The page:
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Mentors and teachers: testing the effectiveness of simultaneous roles on school performance from a basic psychological needs perspective. (English)
Instr. Sci. 42, No. 3, 465-483 (2014).
Summary: The mentor’s background in educational roles has been presented as a moderator of school-based mentoring (SBM). However, the analysis of overlapping mentoring and teaching roles has been underemphasized in the literature. The aim of this study is to test whether the combination of mentoring and teaching roles influences the mentees’ school performance, within a Portuguese SBM program. A three-stage experimental study was conducted in order to compare mentored ($n=157$) and non-mentored students ($n=160$) enrolled in formal basic education (5th to 8th grades). Multivariate analyses of covariance (MANCOVA) revealed that the combination of mentoring and teaching roles was effective in reducing the mentees’ unexcused absences and in improving their grades in Portuguese language and math as well as their grade point average (GPA) compared to equivalent non-mentored students. Further analyses demonstrated that an increased satisfaction of the mentored students basic psychological needs (BPN) promoted better school performance outcomes when compared with non-mentored students with an identical perception of BPN support. However, mentored students that experienced an increased satisfaction of BPN had marginally significantly worse grade point average (GPA) than the mentored students that perceived less or similar BPN support within SBM. These mixed trends are discussed and recommendations are made for a more balanced support of BPN in SBM relationships and across the different relationships held between the mentees and other teachers, in order to foster an improvement of school performance.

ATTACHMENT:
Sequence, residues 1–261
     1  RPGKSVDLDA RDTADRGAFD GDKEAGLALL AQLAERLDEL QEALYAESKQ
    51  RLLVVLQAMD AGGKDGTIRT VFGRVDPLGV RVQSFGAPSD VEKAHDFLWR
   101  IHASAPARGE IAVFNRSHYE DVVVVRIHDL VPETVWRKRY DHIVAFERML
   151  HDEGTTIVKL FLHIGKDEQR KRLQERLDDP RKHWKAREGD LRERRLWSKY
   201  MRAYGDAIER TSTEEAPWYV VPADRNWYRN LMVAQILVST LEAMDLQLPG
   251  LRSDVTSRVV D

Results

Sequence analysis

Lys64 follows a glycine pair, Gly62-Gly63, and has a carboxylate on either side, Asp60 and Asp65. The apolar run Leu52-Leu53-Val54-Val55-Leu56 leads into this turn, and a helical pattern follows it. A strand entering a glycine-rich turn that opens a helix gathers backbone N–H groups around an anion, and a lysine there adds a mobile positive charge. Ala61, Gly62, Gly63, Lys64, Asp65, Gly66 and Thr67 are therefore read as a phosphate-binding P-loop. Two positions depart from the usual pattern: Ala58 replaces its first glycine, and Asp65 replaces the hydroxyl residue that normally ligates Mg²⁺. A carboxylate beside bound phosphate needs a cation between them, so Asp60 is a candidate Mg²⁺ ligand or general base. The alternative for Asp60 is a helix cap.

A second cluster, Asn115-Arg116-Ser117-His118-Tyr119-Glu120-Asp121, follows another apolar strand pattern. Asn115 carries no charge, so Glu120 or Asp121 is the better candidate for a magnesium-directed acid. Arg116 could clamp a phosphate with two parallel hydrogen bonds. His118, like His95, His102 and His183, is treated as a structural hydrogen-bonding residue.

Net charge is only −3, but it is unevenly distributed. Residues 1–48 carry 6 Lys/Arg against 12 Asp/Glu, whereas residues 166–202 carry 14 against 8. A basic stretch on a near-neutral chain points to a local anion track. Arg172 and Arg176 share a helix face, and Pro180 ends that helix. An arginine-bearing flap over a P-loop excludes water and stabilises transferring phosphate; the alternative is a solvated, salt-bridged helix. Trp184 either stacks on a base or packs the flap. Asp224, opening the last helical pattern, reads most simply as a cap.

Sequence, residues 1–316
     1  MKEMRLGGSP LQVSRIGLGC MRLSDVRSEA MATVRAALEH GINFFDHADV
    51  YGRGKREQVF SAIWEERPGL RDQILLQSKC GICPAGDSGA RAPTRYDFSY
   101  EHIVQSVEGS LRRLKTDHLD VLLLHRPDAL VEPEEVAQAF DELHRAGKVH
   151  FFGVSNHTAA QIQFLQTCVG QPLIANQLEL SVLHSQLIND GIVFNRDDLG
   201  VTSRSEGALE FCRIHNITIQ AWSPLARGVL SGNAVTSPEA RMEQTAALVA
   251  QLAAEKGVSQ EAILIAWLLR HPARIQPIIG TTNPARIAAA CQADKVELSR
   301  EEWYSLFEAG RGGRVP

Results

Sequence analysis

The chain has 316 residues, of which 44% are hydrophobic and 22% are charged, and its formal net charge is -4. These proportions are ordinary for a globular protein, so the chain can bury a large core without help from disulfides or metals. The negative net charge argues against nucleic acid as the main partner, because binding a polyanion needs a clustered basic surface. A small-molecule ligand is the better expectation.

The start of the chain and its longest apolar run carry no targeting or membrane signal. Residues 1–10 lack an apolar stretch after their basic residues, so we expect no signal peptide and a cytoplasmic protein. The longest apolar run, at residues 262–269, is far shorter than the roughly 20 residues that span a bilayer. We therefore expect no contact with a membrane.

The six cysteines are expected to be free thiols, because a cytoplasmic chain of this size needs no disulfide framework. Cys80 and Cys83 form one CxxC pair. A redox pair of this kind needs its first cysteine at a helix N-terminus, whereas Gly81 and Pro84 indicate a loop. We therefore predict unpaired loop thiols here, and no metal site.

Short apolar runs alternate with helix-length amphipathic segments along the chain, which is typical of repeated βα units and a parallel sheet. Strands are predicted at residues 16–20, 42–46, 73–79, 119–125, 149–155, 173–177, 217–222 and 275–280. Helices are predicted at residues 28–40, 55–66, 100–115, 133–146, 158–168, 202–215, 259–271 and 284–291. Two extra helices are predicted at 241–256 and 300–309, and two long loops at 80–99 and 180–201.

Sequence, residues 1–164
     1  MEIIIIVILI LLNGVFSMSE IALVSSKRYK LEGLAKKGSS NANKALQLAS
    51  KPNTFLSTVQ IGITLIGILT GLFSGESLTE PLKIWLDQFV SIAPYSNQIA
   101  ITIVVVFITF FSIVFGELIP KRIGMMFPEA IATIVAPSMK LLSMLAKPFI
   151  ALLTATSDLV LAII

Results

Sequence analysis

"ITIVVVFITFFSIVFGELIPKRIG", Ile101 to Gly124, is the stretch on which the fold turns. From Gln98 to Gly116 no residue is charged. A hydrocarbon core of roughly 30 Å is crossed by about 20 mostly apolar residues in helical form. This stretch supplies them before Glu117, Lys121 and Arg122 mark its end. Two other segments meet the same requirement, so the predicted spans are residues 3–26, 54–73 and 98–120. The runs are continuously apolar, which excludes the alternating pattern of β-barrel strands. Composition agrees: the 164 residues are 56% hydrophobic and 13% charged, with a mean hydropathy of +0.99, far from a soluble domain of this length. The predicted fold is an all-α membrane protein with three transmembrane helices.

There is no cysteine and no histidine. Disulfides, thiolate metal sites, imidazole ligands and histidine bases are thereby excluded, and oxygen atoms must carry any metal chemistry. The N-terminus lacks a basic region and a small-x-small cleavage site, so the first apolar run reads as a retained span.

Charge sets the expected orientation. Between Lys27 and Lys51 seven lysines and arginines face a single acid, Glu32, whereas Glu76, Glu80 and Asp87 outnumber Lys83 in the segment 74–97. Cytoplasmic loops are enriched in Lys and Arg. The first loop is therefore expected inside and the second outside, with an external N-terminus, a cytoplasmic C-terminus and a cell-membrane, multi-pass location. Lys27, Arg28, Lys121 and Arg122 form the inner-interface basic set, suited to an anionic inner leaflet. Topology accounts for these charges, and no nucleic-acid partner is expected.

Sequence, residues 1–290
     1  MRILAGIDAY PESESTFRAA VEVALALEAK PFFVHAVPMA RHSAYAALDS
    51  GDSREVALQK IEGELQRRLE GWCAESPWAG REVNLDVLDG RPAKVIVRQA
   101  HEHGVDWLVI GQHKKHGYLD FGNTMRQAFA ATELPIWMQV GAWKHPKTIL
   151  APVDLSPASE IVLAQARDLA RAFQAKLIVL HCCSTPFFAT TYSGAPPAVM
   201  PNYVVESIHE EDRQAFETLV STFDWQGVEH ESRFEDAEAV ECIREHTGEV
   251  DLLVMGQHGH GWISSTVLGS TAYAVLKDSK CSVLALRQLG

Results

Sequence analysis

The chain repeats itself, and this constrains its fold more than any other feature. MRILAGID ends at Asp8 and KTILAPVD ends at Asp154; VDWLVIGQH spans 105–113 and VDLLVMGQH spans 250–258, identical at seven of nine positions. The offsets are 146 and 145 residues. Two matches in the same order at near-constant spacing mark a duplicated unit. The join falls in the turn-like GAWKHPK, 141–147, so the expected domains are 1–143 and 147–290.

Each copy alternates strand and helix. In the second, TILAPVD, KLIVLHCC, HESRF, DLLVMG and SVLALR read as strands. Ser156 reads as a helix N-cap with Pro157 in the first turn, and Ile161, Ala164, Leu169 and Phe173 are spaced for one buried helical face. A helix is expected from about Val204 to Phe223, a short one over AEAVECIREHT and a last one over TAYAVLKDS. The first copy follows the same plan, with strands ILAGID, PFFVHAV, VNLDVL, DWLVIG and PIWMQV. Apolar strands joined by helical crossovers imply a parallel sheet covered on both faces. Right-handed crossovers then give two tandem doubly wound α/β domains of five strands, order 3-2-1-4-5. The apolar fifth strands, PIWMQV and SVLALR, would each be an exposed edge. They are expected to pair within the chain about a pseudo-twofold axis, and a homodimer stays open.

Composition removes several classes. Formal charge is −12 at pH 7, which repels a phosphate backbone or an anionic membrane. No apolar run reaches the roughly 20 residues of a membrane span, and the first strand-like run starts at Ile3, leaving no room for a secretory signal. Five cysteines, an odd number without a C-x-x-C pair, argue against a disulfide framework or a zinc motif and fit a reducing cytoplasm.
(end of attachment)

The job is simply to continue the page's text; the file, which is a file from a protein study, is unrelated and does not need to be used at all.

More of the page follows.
Classification: B23 D43 C33
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